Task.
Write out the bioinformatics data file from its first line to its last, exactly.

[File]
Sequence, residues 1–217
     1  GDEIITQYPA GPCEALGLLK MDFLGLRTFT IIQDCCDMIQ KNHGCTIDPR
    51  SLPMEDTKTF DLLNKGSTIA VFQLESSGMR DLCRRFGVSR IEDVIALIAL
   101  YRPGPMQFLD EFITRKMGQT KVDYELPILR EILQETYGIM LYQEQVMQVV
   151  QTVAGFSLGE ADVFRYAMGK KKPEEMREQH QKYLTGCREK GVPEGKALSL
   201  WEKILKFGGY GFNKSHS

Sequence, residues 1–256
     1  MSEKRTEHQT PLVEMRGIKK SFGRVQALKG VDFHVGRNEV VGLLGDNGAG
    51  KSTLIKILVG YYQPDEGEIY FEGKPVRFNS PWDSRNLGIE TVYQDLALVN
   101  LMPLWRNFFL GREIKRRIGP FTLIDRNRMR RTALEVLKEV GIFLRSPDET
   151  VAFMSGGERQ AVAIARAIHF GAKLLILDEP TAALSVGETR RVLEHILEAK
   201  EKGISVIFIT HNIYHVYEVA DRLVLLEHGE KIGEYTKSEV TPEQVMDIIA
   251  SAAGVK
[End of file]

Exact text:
Sequence, residues 1–217
     1  GDEIITQYPA GPCEALGLLK MDFLGLRTFT IIQDCCDMIQ KNHGCTIDPR
    51  SLPMEDTKTF DLLNKGSTIA VFQLESSGMR DLCRRFGVSR IEDVIALIAL
   101  YRPGPMQFLD EFITRKMGQT KVDYELPILR EILQETYGIM LYQEQVMQVV
   151  QTVAGFSLGE ADVFRYAMGK KKPEEMREQH QKYLTGCREK GVPEGKALSL
   201  WEKILKFGGY GFNKSHS

Sequence, residues 1–256
     1  MSEKRTEHQT PLVEMRGIKK SFGRVQALKG VDFHVGRNEV VGLLGDNGAG
    51  KSTLIKILVG YYQPDEGEIY FEGKPVRFNS PWDSRNLGIE TVYQDLALVN
   101  LMPLWRNFFL GREIKRRIGP FTLIDRNRMR RTALEVLKEV GIFLRSPDET
   151  VAFMSGGERQ AVAIARAIHF GAKLLILDEP TAALSVGETR RVLEHILEAK
   201  EKGISVIFIT HNIYHVYEVA DRLVLLEHGE KIGEYTKSEV TPEQVMDIIA
   251  SAAGVK